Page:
Konrad Adenauer: A German Politician and Statesman in a Period of War, Revolution, and Reconstruction - Vol. 1

By Hans-Peter Schwarz | Go to book overview

throughout Germany could be expected from them. Adenauer wanted German unity, but only on the basis of democratic freedom and economic progress within the framework of a European community. This, in fact, was the approach to which he was to commit himself over the coming years. On this occasion, he also doubted whether the Americans had judged the situation correctly. Adenauer's great nightmare was of an agreement between East and West and the withdrawal of all the occupying forces, thus delivering the Western Zones into the hands of the People's Police and the Communists before a democratic state could be organised. He was greatly relieved by Bevin's assurance that the West understood this danger, and that the Western Allies would insist on the democratic principle in their dealings with the Soviets in Paris.

In the years to come, Adenauer was frequently troubled by similar anxieties whenever conferences were held on the German question. The memory of Yalta and Potsdam continued to alarm him. He never ruled out the possibility of compromises by the Western Allies at the expense of Germany, which would also discredit a foreign policy that was so closely associated with the West.

By the middle of June Adenauer recognised that the Western Powers had held firm. He wrote to Dannie Heineman on 12 June that 'the Paris conference will, in all probability, end either wholly or largely negatively. That is a good thing. Any link between West Germany and East Germany, so long as East Germany remains just a satellite of Soviet Russia, would increase the power of the Soviets in Germany.'3

No further disturbances in foreign policy were to be expected during the formation of the federal government and the coming election campaign. There were, however, more than enough uncertainties in domestic politics. Adenauer continued to regard the SPD as the main enemy: 'Everything will depend on preventing the socialist party from being able to form a majority with the Communist Party which can then elect a Social Democratic Federal Chancellor. This danger exists!'4 On this issue, he was less concerned with the strength of the SPD than with the lack of unity in the CDU and CSU over the coalition question. If this problem could not be resolved, a Social Democratic election victory remained a possibility.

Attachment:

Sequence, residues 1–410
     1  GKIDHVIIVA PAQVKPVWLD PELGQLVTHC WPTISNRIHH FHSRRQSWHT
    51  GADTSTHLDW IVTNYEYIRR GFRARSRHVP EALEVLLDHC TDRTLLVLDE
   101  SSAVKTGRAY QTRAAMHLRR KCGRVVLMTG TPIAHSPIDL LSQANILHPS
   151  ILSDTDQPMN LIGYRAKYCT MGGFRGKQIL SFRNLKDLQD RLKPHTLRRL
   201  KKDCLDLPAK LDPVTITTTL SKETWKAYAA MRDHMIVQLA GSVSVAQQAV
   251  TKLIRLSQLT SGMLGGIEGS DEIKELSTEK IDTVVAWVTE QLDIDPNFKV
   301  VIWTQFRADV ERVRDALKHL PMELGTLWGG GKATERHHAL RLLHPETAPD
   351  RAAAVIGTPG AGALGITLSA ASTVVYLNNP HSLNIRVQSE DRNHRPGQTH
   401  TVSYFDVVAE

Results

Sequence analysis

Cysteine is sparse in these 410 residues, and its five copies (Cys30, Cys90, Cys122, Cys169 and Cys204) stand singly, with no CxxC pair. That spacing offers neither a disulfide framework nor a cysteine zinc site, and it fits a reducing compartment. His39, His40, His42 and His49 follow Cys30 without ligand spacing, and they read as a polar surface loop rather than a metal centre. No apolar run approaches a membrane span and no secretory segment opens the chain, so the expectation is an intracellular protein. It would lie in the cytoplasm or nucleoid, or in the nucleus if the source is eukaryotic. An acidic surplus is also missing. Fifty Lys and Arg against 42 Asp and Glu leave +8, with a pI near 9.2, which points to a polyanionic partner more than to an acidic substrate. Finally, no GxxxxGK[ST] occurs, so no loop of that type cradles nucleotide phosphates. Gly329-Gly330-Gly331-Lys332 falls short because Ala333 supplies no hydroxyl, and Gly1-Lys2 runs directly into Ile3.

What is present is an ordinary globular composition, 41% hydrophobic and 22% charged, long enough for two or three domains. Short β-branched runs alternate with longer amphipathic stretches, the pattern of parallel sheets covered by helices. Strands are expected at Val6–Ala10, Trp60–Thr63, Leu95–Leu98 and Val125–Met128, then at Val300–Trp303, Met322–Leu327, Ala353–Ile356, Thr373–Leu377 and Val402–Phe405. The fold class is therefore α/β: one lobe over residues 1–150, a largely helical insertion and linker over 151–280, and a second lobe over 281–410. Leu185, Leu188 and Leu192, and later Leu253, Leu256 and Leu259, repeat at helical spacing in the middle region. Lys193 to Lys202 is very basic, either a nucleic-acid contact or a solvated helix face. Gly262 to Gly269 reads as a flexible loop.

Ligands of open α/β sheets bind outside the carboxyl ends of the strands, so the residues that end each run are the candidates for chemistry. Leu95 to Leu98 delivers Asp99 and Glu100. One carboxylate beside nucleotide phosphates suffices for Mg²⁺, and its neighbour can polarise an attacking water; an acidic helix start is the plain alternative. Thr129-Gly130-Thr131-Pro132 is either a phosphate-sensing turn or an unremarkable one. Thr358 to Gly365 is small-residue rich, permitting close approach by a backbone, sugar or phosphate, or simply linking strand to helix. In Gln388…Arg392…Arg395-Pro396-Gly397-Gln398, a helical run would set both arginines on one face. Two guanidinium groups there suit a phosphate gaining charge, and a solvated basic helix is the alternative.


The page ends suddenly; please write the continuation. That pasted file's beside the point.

On the basis of the relative strength of the parties in the Parliamentary Council, the SPD and KPD could effectively be isolated as long as the CDU and CSU were persuaded to form a coalition with the other bourgeois parties. However, it was possible that the distribution of seats in the Parliamentary Council gave a false sense of security to the parties, as the situation had changed since the last Landtag elections in 1947. The outcome would also depend on whether Landtag elections alone were held, or whether federal elections were held throughout West Germany first.

Nevertheless, it was possible to build on the positive results obtained by the bourgeois coalition in the Frankfurt Economic Council. This had

-421-

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Konrad Adenauer: A German Politician and Statesman in a Period of War, Revolution, and Reconstruction - Vol. 1
Table of contents

Table of contents

  • Title Page iii
  • Contents v
  • Prologue: Cologne 3
  • I - The Young Master Adenauer 1876-1906 33
  • Student Years In Freiburg, Munich and Bonn 59
  • Justitia Coloniensis 64
  • 'A Talent Takes Shape in Stillness' 69
  • II - The First Rapid Rise 1906-1917 83
  • The First World War 93
  • The Youngest Mayor in Prussia 105
  • III - The Mayor 1917-1933 113
  • The Rhineland Movement 1918-1919 133
  • Pater Familias 152
  • Modern Cologne 156
  • Political Recognition at National Level 164
  • 1923 -- Year of Crisis 172
  • 'the Mayors of Contemporary Germany Are the Kings of Today' 195
  • In the Maelstrom Of the World Economic Crisis 210
  • IV - In the Third Reich 1933-1945 229
  • Struggle for Survival 241
  • A Pensioner in Rh"Ndorf 269
  • 'It is a Miracle of God That I Have Survived' 281
  • V - The Party Leader 1945-1949 289
  • Dismissal by the Liberators 321
  • 'Adenauer's Seizure of Power' 329
  • The Party Leader 359
  • Towards the Federal Republic of Germany 382
  • The President of the Parliamentary Council 408
  • Setting the Course 421
  • VI - First Years as Chancellor 1949-1950 433
  • The Political Tableau During Bonn's Early Days 450
  • Adenauer's Political Machine 465
  • Strenuous Beginnings of Westpolitik 476
  • 'the Most Disappointed Man in Europe' 489
  • The Schuman Plan 504
  • 'that Bully Adenauer' 517
  • In the Depths of Unpopularity 555
  • Adenauer's Daily Life 570
  • VII - European Statesman 1950-1952 587
  • Europe 608
  • Western Treaties and Soviet Initiatives 628
  • 'the Wings of World History' 642
  • Warding off the Moscow Note Offensive 650
  • The Breakthrough: The Signing of the Western Treaties 665
  • Afterword 689
  • Notes 703
  • Archival Sources 735
  • Pictorial Sources 737
  • Published Sources and Select Bibliography 739
  • Index of Persons 747
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